I’ve been taking a few days rest in La Paz and also taking some Spanish lessons here. I arranged it through a local language school that also organises ‘homestay’ accommodation. That meant staying with a family and having a couple of meals provided each day. I thought it would be a good opportunity to get to know some locals and see what kind of cuisine I might find in a typical La Paz household. Of course, I did realise that being a vegan might render the whole concept of ‘local cuisine’ irrelevant. But I knew it would be something different.
The food provided (breakfast & lunch) was only on ‘schooldays’. So the weekend I had to fend for myself, which was no problem. Shortly after my arrival, Vicky, the madre of the household brought up some food when I arrived, and clearly there had been a miscommunication (or none) between herself and the school as I was served tacos with some kind of fish topping. Never mind, we both said, no problem. Tacos with salsa. Easy.
Onto Monday morning and I get a decent fruit salad. Is this what is typically eaten at breakfast? Not unusual, apparently. Back for lunch at 2pm (mealtimes are strict…) and I’m presented with the classic traditional Mexican comida…Chinese takeaway. Vegetables and spring roll, fair enough. Will I be having this every day?
I guess I can put Monday down to learning experience as the rest of the week saw me presented with a ‘variety’ of tortillas and frijoles refritos (refried beans). One day it’s a plate of beans with tortillas on the side, another day tortillas dipped in the beans, another day beans on a toasted botilla (basically beans on toast), another day beans with nachos. I think this is the only kind of recycling I’ve seen in Mexico so far…
Lunch had a little more variety – rice, lopales (cactus), different mixes of vegetables. It was pretty decent and a little more varied. Even the sopes felt different (which is really just a thicker, smaller tortilla cooked up with beans on top and garnished with salad).
I wasn’t quite sure what to expect this week. My room had a separate entrance (and stairs – which was a novelty after 2 months of street-level accommodation). Effectively I had my own apartment for the week, which meant little time with the ‘family’ (I ended up talking mostly to the housekeeper). Vicki and her husband both worked and seemed happy enough to leave me to my own devices. It’s hard to say how typical a family they are but are definitely in the upper end of the social scale. However they don’t live in an ‘upper class’ neighbourhood; their house stands unique along the street. It’s very modern with (I would say) a few tacky flourishes like the fountain and palm trees but on either side each neighbouring property seemed half-built (or crumbling into the dust). An upper-scale neighbourhood this is not, but it wasn’t any worse off because of it. People tend to look after whatever they have, and I noticed lots of sweeping and tree-trimming. I learnt quite a bit through the lessons (I hope) and got to see a bit of La Paz. There aren’t many tourists at this time of year but the city centre seemed to be bustling, even during the hot afternoons. Street stalls selling all kinds of clothing, food or cellphone accessories give the streets a lively air. And to get somewhere a little quieter I can walk along the waterfront. I’m not much of a beach person and so didn’t head up the coast to one of the many bigger beaches, but the waterfront has many stretches of little beaches along the way that open out onto the bay and make for a scenic stroll.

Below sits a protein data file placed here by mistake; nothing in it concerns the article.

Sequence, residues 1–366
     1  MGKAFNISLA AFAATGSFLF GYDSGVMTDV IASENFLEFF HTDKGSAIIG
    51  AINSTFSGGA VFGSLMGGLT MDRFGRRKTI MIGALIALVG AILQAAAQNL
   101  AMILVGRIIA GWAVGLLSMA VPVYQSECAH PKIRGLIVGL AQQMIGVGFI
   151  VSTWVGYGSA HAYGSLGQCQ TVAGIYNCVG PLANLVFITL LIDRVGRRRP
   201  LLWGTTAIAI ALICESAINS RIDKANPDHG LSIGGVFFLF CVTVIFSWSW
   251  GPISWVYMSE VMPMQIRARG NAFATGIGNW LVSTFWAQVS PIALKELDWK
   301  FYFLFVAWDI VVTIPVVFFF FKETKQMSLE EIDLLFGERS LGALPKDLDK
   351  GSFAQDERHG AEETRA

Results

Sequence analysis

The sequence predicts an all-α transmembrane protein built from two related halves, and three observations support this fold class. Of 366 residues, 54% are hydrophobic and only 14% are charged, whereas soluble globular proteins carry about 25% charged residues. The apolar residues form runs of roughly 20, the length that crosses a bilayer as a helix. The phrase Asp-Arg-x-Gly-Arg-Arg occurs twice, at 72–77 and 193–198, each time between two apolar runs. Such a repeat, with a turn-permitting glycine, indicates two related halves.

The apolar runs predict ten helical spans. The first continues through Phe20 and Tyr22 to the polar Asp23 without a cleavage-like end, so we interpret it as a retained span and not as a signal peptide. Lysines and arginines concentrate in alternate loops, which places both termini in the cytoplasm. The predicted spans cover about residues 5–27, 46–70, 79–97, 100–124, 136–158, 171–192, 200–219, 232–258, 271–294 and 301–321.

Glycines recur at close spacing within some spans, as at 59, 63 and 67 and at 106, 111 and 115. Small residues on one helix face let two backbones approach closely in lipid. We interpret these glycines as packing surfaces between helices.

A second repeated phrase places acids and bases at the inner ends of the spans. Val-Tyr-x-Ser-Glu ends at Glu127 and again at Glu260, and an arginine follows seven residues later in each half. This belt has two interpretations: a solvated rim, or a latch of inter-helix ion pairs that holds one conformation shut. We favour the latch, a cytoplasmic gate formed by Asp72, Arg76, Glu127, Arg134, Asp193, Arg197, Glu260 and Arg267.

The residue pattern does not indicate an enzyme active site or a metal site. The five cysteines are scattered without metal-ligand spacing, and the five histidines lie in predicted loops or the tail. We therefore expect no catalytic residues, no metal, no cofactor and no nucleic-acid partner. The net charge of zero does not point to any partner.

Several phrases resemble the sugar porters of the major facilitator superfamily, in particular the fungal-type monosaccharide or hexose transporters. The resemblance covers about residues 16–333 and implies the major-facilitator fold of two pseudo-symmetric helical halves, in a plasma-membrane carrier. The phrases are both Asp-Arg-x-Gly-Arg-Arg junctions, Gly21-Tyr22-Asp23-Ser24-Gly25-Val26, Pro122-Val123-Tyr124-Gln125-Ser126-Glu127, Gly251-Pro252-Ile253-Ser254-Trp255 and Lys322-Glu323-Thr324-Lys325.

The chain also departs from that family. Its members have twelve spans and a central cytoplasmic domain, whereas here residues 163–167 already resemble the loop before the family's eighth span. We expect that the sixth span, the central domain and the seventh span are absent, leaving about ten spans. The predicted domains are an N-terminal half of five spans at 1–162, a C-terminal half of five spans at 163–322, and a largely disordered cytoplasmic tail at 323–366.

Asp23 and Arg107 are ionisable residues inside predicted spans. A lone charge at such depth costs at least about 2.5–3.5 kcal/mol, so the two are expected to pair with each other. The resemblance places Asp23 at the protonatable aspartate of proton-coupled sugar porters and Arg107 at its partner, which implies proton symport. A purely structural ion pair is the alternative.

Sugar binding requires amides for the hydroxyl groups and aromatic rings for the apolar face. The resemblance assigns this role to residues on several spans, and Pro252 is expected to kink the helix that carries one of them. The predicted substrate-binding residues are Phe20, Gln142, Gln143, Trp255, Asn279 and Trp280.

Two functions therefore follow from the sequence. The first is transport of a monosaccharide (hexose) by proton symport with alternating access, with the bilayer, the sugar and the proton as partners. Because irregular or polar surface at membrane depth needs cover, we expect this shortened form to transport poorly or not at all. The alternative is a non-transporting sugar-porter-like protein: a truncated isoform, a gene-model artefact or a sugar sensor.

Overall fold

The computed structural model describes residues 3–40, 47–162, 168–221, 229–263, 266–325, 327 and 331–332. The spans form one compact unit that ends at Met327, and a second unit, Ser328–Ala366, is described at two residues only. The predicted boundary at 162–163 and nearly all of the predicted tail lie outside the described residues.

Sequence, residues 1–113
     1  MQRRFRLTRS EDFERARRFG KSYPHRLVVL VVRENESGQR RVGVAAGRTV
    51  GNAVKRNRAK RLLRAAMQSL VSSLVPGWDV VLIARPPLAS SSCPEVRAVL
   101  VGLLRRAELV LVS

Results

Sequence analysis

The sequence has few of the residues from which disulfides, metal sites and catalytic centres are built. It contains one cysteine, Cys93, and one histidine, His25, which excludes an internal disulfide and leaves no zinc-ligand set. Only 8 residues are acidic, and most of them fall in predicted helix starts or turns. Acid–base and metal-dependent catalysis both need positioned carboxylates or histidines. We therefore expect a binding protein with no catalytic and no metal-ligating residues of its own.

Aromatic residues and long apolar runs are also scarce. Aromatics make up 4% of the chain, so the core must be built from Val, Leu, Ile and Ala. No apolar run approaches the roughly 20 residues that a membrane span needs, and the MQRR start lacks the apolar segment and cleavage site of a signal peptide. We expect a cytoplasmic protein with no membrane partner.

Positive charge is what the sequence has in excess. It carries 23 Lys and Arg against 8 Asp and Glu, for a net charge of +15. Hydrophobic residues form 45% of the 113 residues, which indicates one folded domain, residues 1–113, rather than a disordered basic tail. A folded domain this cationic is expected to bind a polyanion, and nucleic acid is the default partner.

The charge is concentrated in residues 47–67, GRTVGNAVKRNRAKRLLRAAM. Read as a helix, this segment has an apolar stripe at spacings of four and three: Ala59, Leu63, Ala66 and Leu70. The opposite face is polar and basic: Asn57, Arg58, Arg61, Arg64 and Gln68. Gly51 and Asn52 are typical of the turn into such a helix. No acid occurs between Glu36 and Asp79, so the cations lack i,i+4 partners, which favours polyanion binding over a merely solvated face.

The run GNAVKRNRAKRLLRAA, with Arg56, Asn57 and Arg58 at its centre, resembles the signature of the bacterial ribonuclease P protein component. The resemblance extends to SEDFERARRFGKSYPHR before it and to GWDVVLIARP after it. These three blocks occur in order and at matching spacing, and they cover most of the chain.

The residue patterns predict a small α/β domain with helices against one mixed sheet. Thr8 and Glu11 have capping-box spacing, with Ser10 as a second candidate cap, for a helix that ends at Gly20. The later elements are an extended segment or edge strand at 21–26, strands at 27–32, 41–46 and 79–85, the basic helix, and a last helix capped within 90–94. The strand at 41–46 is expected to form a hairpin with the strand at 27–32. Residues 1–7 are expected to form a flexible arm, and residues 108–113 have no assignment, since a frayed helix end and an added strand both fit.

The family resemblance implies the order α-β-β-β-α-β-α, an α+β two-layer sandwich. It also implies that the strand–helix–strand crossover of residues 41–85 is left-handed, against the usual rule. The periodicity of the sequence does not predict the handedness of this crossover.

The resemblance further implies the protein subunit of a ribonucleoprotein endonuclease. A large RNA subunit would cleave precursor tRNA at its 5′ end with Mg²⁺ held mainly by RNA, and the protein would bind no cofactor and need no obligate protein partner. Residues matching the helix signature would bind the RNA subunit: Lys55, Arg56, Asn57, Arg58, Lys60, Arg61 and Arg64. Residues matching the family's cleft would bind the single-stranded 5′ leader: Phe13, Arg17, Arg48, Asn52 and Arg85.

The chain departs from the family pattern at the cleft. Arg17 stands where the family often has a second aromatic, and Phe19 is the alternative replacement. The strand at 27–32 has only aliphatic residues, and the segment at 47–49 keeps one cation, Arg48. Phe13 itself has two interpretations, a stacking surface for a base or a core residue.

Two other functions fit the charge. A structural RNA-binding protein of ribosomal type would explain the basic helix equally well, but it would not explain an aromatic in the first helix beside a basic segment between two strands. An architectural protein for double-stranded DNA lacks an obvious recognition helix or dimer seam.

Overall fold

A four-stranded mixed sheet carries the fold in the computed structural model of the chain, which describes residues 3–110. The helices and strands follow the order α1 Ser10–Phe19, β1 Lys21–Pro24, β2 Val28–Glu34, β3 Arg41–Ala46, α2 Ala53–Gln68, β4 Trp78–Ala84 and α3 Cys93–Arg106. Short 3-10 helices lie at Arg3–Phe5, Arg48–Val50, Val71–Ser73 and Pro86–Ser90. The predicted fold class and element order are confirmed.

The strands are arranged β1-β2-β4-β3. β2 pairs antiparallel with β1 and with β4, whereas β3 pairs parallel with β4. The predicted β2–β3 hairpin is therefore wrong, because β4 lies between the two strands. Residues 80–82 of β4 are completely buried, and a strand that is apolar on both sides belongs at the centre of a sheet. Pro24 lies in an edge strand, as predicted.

La Paz is my final stop in Baja California. It took some getting used to. The heat hasn’t let up but I enjoy this (except when I can’t sleep at night). Next stop is Mazatlan, across the Sea of Cortez by ferry. From there it’ll be a long run down the coast towards the south of the country, Oaxaca and Chiapas. That’s where I’ll be making my first Fair Trade visits, and although that’s still another 3+ weeks away, I’m really looking forward to it.